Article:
By Alan Cooper
From the time of Alfred the good until eventually past the tip of the center a long time, bridges have been very important to the rulers and folks of britain, yet they have been pricey and tough to take care of. Who then used to be liable for their maintenance? the reply to this question alterations over the centuries, and how within which it alterations finds a lot approximately legislation and tool in medieval England. the improvement of legislation in regards to the upkeep of bridges didn't keep on with an easy line: felony principles built by means of the Anglo-Saxons, which had made the 1st age of bridge construction attainable, have been rejected by means of the Normans, and royal attorneys of the 13th and fourteenth centuries needed to locate new suggestions to the matter. The destiny of well-known bridges, particularly London Bridge, exhibits the best way the non secular, ancient and entrepreneurial mind's eye used to be pressed into provider to discover ideas; the destiny of humbler bridges indicates the urgency with which this challenge used to be debated around the state. via focusing on this point of functional governance and tracing it in the course of the process the center a while, a lot is proven concerning the barriers of royal strength and the creativity of the medieval felony brain. ALAN COOPER is Assistant Professor of heritage at Colgate college.
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Extra resources for Bridges, Law and Power in Medieval England, 700-1400
71–2. Anglo-Saxon Chronicle, ed. Thorpe, I, 364. For these and further examples, see H. C. Darby, The Medieval Fenland (Cambridge, 1940), pp. 43– 52. Evidence of this kind of activity is best preserved by monastic establishments with their continuous institutional memory, and we may presume that similar activities were taking place on a small scale outside the monasteries. 65 Hoskins, Making of the English Landscape, rev. edn, p. 71. 66 Chronicon monasterii de Abingdon, ed. Joseph Stevenson [RS 2] (London, 1858), I, 2–3; Frank Stenton, The Early History of the Abbey of Abingdon (Reading, 1913), pp.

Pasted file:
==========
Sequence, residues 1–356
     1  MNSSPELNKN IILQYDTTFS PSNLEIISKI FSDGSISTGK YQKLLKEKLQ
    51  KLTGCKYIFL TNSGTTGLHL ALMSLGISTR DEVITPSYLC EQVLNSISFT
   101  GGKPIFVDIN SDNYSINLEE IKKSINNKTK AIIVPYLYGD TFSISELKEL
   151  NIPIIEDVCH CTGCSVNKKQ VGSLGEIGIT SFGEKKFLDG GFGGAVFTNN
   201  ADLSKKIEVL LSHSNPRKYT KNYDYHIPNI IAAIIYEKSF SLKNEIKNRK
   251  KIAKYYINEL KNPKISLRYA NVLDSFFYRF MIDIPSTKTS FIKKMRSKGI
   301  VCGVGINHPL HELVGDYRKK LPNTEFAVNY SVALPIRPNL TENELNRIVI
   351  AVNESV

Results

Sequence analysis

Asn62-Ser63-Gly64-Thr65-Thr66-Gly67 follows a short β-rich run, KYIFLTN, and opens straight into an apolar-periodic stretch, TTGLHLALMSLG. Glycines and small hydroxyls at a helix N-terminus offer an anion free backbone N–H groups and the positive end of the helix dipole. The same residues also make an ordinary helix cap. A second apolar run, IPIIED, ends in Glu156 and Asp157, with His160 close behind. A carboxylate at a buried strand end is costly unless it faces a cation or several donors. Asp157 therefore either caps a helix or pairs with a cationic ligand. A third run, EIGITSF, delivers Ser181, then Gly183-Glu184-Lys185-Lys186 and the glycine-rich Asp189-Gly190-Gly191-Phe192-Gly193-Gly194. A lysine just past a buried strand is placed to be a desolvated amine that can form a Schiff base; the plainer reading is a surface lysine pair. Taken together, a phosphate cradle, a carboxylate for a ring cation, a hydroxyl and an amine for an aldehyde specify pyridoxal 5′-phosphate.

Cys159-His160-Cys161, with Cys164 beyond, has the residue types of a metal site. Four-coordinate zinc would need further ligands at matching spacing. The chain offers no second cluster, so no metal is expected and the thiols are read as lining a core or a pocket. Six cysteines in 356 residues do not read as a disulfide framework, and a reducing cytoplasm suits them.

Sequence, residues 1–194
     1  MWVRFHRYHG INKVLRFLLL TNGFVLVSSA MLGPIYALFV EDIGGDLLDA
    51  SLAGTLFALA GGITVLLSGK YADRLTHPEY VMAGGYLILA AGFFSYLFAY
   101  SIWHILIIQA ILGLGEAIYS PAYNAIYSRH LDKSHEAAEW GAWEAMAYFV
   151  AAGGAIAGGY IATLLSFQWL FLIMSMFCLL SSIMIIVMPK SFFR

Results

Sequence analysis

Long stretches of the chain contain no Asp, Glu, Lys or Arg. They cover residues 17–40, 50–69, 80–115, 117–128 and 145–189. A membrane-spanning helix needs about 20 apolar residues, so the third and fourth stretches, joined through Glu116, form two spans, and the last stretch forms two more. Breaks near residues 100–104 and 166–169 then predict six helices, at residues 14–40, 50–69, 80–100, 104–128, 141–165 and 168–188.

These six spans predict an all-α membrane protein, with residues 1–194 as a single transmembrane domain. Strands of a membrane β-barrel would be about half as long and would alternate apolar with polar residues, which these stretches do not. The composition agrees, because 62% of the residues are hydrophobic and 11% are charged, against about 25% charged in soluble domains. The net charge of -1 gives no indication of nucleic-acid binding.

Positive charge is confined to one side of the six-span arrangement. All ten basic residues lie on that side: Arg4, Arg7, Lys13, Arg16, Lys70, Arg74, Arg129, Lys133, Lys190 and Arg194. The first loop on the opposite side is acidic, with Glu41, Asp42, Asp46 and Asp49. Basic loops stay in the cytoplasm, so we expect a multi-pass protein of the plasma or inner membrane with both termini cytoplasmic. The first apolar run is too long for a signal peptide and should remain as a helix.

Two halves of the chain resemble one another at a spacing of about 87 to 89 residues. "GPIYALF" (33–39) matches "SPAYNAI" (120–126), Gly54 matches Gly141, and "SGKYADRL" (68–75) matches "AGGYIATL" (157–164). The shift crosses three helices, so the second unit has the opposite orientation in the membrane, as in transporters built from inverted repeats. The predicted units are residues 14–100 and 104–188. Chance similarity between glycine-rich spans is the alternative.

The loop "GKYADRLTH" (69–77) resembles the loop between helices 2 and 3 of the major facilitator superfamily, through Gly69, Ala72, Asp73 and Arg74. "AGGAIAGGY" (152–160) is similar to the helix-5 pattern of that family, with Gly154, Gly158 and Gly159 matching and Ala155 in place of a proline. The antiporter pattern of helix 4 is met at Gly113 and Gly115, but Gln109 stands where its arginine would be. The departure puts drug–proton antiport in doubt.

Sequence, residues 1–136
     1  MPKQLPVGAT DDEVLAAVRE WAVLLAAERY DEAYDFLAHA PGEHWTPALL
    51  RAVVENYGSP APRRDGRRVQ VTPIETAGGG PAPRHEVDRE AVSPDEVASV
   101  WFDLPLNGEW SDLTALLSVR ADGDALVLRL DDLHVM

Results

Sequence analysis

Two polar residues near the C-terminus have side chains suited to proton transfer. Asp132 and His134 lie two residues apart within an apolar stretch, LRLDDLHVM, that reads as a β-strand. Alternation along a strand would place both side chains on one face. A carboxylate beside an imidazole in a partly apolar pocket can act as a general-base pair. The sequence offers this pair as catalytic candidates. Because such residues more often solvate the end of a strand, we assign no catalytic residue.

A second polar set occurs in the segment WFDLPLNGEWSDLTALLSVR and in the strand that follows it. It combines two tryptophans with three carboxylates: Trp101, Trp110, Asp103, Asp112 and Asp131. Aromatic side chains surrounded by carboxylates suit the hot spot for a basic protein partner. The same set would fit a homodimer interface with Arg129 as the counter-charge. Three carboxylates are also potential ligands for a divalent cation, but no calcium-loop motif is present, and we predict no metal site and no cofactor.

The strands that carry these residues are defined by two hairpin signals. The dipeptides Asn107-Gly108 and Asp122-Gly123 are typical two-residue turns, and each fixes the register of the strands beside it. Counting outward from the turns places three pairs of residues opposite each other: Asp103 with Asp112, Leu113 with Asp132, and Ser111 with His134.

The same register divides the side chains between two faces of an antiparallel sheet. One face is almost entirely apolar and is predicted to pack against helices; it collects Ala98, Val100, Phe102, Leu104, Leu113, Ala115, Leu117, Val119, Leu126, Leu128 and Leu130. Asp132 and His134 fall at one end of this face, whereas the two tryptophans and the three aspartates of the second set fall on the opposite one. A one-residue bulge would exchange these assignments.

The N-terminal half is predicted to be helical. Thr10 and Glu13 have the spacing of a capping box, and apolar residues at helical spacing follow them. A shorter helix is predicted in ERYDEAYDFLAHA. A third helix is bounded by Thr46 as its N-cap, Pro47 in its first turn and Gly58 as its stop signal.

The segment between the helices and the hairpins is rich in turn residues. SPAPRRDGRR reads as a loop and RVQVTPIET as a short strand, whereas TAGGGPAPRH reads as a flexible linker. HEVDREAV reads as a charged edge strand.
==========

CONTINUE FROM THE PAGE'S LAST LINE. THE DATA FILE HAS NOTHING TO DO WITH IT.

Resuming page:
M. Wallace-Hadrill, ‘A Background to St Boniface’s Mission’ in England before the Conquest: Studies in Primary Sources Presented to Dorothy Whitelock, ed. Peter Clemoes and Kathleen Hughes (Cambridge, 1971), pp. 35–48 at pp. 47–8; see also Levison, England and the Continent, p. 75. 149 Cp. Cubitt, Anglo-Saxon Church Councils, p. 104: ‘The relationship between the canons of the Council of Clofesho and Boniface’s reported Frankish decrees is best explained by the traditional view that the latter influenced the former.
Stevenson, ‘Trinoda Necessitas’, English Historical Review 29 (1914), 689–703. 100 Quoted in Stevenson, ‘Trinoda Necessitas’, p. 690. 101 Quoted in Stevenson, ‘Trinoda Necessitas’, p. 690. 102 Stevenson, ‘Trinoda Necessitas’, pp. 690–91. 106 Yet, because the term has no Anglo-Saxon validity, it will be avoided in the account that follows; moreover, while the term trimoda necessitas should be noted as a tenth-century attempt at expressing the indivisibility of the three obligations, the straightforward term ‘common burdens’, which does not owe its origins to a unique forgery, will be preferred here.